Charging more for GED bad for all
The public has a stake in the success of every high school student.
Those who graduate have better job prospects and a chance to pursue the technical and college degrees typically needed to earn a living wage. With some hard work and a little luck, they will become productive citizens who contribute to society.
Those who lack an education not only face a more difficult future for themselves, but too often they drain public resources through tax-supported assistance, health care costs and a range of other social problems.
So, states across the country are mounting massive efforts to keep teens in school and to help dropouts get back on the education track.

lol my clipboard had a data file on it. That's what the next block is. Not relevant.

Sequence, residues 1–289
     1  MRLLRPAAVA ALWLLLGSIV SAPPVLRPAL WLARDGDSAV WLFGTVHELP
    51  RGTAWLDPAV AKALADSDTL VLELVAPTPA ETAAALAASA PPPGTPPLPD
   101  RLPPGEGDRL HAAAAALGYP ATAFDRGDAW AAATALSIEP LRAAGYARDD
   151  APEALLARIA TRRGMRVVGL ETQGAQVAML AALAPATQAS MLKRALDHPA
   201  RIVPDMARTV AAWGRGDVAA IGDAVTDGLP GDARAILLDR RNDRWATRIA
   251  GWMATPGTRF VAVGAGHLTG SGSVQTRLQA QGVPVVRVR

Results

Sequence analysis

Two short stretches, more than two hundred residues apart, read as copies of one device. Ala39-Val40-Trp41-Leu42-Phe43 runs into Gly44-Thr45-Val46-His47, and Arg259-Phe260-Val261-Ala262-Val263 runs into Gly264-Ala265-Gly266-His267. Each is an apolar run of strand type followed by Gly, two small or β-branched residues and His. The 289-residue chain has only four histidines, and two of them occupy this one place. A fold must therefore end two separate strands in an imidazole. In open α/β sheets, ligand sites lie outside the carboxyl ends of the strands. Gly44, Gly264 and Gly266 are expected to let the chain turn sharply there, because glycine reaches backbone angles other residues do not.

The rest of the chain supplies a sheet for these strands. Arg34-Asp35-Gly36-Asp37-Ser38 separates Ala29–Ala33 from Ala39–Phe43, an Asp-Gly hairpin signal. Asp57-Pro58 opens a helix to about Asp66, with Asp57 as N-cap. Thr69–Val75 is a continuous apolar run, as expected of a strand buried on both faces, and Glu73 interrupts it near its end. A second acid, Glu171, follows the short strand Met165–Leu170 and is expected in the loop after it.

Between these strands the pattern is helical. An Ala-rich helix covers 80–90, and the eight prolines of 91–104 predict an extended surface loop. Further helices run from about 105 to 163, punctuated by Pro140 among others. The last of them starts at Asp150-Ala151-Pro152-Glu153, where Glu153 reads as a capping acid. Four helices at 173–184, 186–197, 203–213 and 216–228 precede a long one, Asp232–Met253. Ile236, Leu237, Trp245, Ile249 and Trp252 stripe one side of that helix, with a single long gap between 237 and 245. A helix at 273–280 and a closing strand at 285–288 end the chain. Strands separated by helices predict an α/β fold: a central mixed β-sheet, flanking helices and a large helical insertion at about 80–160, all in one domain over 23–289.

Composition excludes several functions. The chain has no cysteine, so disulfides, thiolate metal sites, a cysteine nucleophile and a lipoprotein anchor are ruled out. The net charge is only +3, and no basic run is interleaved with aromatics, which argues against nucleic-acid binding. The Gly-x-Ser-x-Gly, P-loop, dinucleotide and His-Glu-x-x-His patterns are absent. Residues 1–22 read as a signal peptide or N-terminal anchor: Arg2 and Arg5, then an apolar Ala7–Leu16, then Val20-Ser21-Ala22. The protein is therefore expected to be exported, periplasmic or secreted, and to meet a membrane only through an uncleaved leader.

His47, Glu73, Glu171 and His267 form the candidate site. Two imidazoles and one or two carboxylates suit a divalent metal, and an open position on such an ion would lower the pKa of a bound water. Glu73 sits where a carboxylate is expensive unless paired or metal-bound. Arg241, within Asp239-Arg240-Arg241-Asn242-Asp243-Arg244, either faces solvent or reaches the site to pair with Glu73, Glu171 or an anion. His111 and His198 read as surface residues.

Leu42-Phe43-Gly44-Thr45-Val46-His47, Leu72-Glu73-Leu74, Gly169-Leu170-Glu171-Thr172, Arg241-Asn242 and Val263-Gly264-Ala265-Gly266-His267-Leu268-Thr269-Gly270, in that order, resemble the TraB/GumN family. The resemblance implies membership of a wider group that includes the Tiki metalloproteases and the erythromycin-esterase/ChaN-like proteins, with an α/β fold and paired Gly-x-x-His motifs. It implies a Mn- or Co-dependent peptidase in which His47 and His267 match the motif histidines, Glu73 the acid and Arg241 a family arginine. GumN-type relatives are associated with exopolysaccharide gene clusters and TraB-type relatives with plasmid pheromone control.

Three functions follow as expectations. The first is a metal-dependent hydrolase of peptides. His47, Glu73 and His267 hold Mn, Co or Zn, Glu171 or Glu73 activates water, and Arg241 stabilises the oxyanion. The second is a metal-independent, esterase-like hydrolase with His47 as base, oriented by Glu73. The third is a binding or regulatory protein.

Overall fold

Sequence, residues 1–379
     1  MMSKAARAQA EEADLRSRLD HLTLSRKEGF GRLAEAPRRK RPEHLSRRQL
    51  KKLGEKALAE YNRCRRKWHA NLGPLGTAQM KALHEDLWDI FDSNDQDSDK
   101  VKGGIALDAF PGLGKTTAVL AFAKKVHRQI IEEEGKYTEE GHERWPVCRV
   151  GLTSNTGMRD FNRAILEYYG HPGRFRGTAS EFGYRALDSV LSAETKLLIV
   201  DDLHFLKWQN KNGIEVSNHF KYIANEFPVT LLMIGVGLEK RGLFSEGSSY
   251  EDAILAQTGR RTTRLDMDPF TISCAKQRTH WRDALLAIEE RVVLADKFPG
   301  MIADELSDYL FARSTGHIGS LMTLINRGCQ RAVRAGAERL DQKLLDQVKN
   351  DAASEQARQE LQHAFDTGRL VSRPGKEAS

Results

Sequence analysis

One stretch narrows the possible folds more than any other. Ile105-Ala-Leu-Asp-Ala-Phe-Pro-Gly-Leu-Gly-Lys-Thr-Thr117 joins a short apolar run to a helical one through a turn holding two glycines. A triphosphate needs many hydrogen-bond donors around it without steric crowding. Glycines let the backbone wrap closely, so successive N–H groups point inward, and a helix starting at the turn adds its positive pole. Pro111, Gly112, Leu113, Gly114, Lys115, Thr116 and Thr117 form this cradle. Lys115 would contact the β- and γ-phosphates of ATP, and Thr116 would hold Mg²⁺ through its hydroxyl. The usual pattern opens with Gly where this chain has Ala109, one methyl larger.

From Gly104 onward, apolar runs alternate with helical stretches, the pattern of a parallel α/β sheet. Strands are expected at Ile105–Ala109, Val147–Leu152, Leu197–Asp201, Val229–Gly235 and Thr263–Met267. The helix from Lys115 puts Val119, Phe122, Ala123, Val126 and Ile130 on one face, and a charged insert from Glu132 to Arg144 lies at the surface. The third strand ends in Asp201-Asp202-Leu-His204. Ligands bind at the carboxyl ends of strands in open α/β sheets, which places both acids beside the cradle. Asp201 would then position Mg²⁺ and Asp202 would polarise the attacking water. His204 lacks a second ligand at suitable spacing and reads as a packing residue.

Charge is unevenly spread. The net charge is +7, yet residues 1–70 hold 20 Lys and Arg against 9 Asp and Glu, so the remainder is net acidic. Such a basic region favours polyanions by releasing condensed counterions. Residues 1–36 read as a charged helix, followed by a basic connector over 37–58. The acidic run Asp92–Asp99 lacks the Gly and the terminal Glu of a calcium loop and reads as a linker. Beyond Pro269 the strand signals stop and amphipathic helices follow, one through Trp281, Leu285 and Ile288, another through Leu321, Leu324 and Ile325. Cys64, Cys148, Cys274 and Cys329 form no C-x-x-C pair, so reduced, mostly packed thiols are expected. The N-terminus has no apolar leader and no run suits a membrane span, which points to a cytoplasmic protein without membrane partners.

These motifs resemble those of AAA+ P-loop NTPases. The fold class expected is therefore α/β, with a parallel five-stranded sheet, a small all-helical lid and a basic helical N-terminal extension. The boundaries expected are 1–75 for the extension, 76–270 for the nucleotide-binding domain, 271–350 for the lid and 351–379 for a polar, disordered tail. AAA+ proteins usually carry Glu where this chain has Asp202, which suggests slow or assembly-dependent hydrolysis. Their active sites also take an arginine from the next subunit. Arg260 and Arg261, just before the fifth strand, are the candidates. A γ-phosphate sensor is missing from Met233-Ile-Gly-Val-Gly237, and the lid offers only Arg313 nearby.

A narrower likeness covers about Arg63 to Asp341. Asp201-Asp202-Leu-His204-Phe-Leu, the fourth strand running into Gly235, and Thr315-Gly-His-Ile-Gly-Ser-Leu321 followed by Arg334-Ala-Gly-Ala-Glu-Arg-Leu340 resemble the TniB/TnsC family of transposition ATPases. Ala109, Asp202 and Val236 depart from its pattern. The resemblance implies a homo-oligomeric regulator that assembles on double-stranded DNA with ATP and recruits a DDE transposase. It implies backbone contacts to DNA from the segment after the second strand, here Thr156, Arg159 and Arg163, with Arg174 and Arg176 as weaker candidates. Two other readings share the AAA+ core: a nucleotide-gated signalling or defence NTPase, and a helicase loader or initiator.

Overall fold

Unfortunately, that job gets a little tougher next year with plans to double the cost of the General Education Development exam, which has been the go-to tool for high school equivalency testing.
With a new version of the test, the cost of each exam is expected to double to $120 and no longer be available in a pencil and paper format, The Associated Press reported recently. GED officials say the higher price is needed to update the exam to the higher standards now common across the country.
But that additional cost will be a huge obstacle for the students paying for their own test and a potential budget buster for the various programs that try to help students with the cost of the test.
Understandably, many states are now shopping around for another test or another approach.
Now is not the time to make gaining high school certification more difficult.
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